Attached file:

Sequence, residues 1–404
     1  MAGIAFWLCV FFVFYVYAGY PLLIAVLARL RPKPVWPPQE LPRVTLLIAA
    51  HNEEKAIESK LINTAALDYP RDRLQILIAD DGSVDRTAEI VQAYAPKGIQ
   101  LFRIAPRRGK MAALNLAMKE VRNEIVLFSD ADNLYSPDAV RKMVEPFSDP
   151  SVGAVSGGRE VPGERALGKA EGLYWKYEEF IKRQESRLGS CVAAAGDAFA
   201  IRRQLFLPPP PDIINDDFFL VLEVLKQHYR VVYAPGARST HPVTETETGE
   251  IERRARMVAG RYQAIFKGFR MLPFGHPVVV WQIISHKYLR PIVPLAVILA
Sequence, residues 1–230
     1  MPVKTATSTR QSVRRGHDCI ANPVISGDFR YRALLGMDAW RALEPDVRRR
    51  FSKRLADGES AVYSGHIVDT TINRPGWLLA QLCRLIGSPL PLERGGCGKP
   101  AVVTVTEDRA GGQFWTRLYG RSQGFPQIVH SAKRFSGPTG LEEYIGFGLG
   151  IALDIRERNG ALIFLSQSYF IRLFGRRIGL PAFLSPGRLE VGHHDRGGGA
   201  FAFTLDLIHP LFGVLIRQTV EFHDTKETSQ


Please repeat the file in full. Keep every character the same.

Sequence, residues 1–404
     1  MAGIAFWLCV FFVFYVYAGY PLLIAVLARL RPKPVWPPQE LPRVTLLIAA
    51  HNEEKAIESK LINTAALDYP RDRLQILIAD DGSVDRTAEI VQAYAPKGIQ
   101  LFRIAPRRGK MAALNLAMKE VRNEIVLFSD ADNLYSPDAV RKMVEPFSDP
   151  SVGAVSGGRE VPGERALGKA EGLYWKYEEF IKRQESRLGS CVAAAGDAFA
   201  IRRQLFLPPP PDIINDDFFL VLEVLKQHYR VVYAPGARST HPVTETETGE
   251  IERRARMVAG RYQAIFKGFR MLPFGHPVVV WQIISHKYLR PIVPLAVILA
Sequence, residues 1–230
     1  MPVKTATSTR QSVRRGHDCI ANPVISGDFR YRALLGMDAW RALEPDVRRR
    51  FSKRLADGES AVYSGHIVDT TINRPGWLLA QLCRLIGSPL PLERGGCGKP
   101  AVVTVTEDRA GGQFWTRLYG RSQGFPQIVH SAKRFSGPTG LEEYIGFGLG
   151  IALDIRERNG ALIFLSQSYF IRLFGRRIGL PAFLSPGRLE VGHHDRGGGA
   201  FAFTLDLIHP LFGVLIRQTV EFHDTKETSQ